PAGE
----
In a recent conversation with Revolver, After The Burial front man Anthony Notarmaso spoke on the untimely passing of Justin Lowe last Summer. Up until this point, the band had spoken on the tragedy but hadn’t quite broken down the events from their perspective – which is completely understandable given the gravity of the situation. The whole community still feels the pain and will for a long time to come. You can read over his account below.

R.I.P. Justin Lowe

I can’t recall the exact dates, but the band being from Minnesota and me being in Florida, they were already there a couple of days. I showed up a couple of days after them. They were setting up, and a lot of stuff that didn’t really involve me. When I got there, they’d just gotten everything dialed in. They were ready to roll. When I got there, it was the same day Justin left, so I never got to see Justin. I spoke to him on the phone two days before I got there, and he was fine. We were laughing on the phone, joking around. I didn’t notice anything out of the ordinary. He sounded like himself. He said, “Have a safe flight, see you soon.” And I never got to see him after that. I never got to talk to him again.

We didn’t even know. Trent [Hafdahl] and Dan [Carle] were there in the studio with Justin, and they didn’t tell me anything. I guess the night before I’d gotten there, they knew something was wrong, but I guess they thought he was just too stressed. Times were hard on us before we got to the studio, so they didn’t want to freak me out before I got there, which would have happened anyway. Dan picked me up from the airport, and when we got there, Trent was standing outside of the studio, sitting on a curb. And as we were pulling up, Dan said, “Hey, I gotta talk to you about something.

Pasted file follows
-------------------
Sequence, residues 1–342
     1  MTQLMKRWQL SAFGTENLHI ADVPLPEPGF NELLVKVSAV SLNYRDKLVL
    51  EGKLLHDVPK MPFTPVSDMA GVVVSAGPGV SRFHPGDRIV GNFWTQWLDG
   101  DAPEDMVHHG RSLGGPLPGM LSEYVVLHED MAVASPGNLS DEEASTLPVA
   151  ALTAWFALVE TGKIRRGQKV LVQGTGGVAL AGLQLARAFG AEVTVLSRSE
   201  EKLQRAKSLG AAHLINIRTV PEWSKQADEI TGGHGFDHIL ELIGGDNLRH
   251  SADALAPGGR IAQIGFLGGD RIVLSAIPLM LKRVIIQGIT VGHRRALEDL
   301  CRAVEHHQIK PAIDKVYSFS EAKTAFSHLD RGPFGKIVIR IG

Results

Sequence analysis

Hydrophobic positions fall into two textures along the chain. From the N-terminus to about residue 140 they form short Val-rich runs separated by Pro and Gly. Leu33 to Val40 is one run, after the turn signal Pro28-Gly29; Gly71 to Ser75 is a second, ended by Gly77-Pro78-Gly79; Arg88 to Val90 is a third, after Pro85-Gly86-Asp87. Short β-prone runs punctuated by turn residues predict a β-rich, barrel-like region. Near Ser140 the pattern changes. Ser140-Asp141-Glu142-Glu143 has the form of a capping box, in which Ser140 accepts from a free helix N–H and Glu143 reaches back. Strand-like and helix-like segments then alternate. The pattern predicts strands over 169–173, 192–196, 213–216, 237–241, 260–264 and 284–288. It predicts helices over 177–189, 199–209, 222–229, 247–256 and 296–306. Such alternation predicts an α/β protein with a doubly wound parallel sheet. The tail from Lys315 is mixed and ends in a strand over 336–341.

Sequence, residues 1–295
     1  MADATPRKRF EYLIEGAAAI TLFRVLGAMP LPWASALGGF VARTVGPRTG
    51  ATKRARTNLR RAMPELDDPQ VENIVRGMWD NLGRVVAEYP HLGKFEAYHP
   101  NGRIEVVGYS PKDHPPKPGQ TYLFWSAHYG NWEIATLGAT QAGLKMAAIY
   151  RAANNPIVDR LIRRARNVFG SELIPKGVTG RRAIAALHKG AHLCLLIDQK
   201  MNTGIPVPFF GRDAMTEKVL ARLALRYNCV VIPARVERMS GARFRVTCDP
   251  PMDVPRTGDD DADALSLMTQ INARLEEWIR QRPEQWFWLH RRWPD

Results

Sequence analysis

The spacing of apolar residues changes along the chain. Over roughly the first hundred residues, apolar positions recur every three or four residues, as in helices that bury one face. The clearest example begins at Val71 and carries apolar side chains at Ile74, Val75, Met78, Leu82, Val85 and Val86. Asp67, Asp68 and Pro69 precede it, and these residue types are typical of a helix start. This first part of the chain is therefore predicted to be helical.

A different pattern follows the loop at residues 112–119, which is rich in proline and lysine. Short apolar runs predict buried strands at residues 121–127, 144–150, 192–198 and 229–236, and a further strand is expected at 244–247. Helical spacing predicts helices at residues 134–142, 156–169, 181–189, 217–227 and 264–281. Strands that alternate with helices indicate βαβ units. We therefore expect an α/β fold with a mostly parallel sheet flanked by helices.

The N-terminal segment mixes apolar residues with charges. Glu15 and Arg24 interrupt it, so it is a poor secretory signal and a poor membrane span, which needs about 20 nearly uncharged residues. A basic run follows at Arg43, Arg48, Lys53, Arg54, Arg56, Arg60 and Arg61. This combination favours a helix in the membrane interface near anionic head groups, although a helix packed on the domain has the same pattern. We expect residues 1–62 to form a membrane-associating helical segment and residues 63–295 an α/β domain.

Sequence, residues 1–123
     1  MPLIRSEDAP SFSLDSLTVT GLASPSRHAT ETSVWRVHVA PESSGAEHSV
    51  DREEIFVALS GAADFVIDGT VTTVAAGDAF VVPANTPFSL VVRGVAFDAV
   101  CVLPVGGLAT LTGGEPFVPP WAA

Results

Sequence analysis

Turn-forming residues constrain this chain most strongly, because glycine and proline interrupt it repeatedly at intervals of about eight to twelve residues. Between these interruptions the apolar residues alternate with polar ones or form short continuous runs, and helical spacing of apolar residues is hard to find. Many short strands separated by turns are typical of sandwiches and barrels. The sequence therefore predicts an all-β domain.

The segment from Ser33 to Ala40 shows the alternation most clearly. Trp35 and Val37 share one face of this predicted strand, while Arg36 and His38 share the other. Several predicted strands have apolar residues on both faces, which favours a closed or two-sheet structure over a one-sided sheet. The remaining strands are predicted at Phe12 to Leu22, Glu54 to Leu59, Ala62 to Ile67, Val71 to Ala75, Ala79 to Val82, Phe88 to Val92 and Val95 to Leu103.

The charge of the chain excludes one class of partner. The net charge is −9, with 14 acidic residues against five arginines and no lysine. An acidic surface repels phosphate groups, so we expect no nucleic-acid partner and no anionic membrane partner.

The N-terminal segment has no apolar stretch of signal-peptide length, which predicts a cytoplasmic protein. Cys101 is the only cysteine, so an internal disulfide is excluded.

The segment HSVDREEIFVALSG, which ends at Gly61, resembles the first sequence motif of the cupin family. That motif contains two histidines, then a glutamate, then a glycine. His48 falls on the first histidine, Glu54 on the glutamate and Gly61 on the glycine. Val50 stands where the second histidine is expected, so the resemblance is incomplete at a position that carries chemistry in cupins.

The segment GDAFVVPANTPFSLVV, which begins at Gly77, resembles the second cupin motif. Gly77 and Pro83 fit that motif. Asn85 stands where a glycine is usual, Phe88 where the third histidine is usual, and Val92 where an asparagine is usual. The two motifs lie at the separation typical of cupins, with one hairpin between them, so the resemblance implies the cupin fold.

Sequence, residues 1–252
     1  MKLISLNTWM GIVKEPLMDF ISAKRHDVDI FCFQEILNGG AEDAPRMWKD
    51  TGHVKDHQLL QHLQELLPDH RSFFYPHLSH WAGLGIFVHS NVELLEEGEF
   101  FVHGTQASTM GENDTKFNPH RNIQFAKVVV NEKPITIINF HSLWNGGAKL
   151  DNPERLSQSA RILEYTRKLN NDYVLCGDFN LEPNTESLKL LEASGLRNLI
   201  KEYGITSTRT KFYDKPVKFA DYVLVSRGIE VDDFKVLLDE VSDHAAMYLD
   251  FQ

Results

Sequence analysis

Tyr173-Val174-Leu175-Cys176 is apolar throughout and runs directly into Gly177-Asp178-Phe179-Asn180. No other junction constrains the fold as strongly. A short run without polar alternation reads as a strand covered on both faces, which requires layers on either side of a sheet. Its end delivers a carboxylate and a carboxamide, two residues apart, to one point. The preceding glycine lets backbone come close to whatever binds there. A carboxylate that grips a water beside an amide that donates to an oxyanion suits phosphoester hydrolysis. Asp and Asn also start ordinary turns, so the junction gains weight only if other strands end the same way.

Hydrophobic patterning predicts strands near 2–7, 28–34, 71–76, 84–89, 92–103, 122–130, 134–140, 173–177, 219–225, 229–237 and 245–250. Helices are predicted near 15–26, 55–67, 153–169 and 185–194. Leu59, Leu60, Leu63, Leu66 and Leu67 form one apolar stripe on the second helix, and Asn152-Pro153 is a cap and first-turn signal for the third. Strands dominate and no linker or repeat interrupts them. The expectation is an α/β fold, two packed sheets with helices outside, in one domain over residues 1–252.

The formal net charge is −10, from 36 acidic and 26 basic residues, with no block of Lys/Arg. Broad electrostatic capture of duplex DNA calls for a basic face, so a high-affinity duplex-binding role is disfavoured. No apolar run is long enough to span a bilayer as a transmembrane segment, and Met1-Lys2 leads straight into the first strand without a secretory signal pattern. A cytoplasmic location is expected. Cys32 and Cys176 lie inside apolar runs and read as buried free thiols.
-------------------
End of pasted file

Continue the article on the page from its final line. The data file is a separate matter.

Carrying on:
And I’m looking as Trent comes walking up, and I’m thinking, Are they gonna kick me out of the band or something? And they broke it down for me—that Justin wasn’t doing well, and he went home. And they said, “So…we’re here. There’s three of us. We understand the situation, we just want to know what you want to do.” And I said, “Let’s make a fucking record.” And Dan was like, “Oh god, I’m so glad you said that.” They were so relieved we were all on the same page—we’re here, let’s do it, let’s try and make a record.

We found out through a friend… Well, we kind of put two and two together. We saw a news report from a really small town the day they found the body. And I just knew. I didn’t know the area that well, apart from St. Paul. But I asked them, when I saw that report, I asked them, “How close to that was his car found?” And they said right nearby, right under it. When it was confirmed, we all broke down. We didn’t talk to each other for a few days. And then we talked to each other. There was that consideration. We talked about if this was a sign that we should hang up our guns, or start a new band altogether, that maybe this was the end of After the Burial.

We thought about it. It wasn’t just a fleeting thought. We considered it. In the end, we just didn’t want whatever defeated him to defeat us as well. And in the situation, if the roles were reversed, I wouldn’t want the band to stop playing. I’d want them to keep playing, and be as happy as they can. It’s rough. Your whole world gets flipped upside-down, and nothing’s safe anymore. You don’t know anything. Everything’s this big huge question. Which sucks. That’s not a fun way to live, worrying about your future.

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